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Third Order Effects

Elephant Seal RIPThe equation is simple, but the results are profound.

Warmer oceans trigger larger and larger algae blooms along the North American west coast, and this year's bloom is massive. Such large algae blooms release domoic acid, which acts as a toxin, poisoning the fish and shellfish that feed on the algae. In turn, the birds and sea mammals that feed on the fish get poisoned by the concentrated acid. This year, sea life along the California coast appears to be dying in record numbers.

Sea life including elephant seals, such as the two found dead on the beach at Pajaro Dunes, where I'm visiting with my wife's family this weekend. Researchers from the Long Marine Lab at UC Santa Cruz came out to retrieve the bodies today, and I ended up helping them (as seen in these photos at Flickr). They told me that, although the seals will need autopsies, domoic acid poisoning is the likely culprit.

The algae population increases or "blooms" every year as the ocean waters warm but this year's bloom seems early, extensive and "very, very thick," said David Caron, who teaches in the biological sciences department at University of Southern California.

"In five years of study I have not seen a bloom this large at this particular time of year," Caron said.

Human activity, particularly nitrogen from fertilizer waste and global warming, contribute to the size of the algae blooms. This will, in time, come back to haunt us.

Loading the Big One

Many scientists agree that increases in algal blooms in California and around the world are caused by a combination of factors, including agricultural run-off, oceanographic properties, and global warming. [...] Scientists first saw domoic acid poisoning in 1998, when over 70 sea lions died in one weekend. "We thought at the time that it was linked to the fact that it was an El Nino year, but we've seen it every year since then," says Frances Gulland of The Marine Mammal Center in Sausalito, California. "It's a big mystery."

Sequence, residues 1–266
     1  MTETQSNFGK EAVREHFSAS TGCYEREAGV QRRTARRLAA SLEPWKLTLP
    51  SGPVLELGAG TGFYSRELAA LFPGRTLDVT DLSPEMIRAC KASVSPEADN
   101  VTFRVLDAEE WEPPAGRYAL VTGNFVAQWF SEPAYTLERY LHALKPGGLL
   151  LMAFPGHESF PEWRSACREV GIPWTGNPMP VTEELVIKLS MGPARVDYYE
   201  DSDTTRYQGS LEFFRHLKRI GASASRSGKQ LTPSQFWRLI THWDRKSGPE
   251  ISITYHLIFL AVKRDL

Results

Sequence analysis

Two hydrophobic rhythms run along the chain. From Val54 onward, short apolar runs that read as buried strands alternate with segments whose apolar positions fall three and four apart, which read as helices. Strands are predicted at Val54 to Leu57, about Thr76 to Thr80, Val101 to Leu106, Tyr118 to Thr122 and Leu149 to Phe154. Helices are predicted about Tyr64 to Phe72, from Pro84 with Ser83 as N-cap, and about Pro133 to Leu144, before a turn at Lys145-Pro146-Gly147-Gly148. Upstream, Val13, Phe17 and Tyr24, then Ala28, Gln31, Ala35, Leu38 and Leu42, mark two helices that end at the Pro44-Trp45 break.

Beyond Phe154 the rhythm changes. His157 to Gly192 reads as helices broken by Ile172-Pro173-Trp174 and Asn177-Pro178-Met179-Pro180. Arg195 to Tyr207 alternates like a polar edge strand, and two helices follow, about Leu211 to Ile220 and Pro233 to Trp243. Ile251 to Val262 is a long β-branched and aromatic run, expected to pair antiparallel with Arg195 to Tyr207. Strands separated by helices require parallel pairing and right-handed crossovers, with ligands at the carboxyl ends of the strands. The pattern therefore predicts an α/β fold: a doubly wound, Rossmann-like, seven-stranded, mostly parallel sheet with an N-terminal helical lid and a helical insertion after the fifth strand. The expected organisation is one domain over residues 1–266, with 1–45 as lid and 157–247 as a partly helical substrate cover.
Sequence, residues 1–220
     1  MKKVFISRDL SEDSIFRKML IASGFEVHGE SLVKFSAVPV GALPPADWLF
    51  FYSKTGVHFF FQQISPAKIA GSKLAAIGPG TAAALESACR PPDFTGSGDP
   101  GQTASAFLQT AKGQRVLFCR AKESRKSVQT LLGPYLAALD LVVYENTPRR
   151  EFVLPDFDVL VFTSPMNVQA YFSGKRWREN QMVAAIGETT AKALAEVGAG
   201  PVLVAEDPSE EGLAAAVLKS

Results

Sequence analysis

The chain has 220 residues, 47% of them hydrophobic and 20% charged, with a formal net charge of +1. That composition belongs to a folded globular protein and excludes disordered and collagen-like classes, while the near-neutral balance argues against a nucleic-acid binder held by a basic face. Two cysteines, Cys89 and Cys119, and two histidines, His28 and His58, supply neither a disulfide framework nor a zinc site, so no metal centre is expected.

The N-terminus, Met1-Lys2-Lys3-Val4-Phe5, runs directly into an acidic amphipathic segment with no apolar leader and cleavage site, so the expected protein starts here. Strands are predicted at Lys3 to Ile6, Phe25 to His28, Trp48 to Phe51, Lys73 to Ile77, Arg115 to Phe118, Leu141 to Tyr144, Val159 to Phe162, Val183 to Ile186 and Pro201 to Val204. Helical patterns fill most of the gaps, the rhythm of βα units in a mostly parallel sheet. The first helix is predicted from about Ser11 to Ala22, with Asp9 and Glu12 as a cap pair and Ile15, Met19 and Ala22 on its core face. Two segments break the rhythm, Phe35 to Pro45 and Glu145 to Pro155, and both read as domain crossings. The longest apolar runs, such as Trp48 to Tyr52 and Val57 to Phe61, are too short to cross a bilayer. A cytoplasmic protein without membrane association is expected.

In the last five years, over 1000 animals have died from domoic acid poisoning, and there has been an increase in the number and extent of harmful algal blooms that produce the compound.

"Sea lions eat the same foods we do, but more of them – foods like anchovies, squid, salmon, and mussels – we may see the effects of domoic acid in them before we see it people," says Gulland. Researchers are already seeing signs of serious health problems, such as miscarriages and epilepsy, in sea lions. "Sea lions may be an early warning sign for humans," she says.

It's not (yet) every day that one gets to pick up the body of a "canary in a coal mine."


Sorry you had to deal with that on our vacation. Sobering.

Er, *your* vacation, sorry :)

Actually, it was pretty interesting -- and definitely memorable.

Domoic acid sounds relatively nasty too, based on wikipedia anyway. Damn.

What if we are all magically whisked away to some second-life-uberverse prior to our suffocating in said coal mine?

There is a problem with the hypothesis, namely the fact that for the past several months at least the sea surface temperatures off the coast of California have in fact been lower than normal, according to satellite data from NOAA.


Thanks for the link, Ken. I agree -- the temperature data doesn't match the assertions from the marine scientists about the algae.

Question: how deep does the NOAA temperature data go (below the surface of the ocean, I mean), and how deep into the ocean do algae blooms appear? Are surface temperature data the right ones to look at for this?

Jeremy Jackson, a marine ecologist and paleontologist at the Scripps Institution calls this "the rise of slime" -- essentially a de-evolution of the ocean ecosystem.

There was an outstanding series last year in the LA Times that covered the story pretty well, and with good pix. http://www.latimes.com/news/local/oceans/la-oceans-series,0,7842752.special

There's a longer interview with him here:


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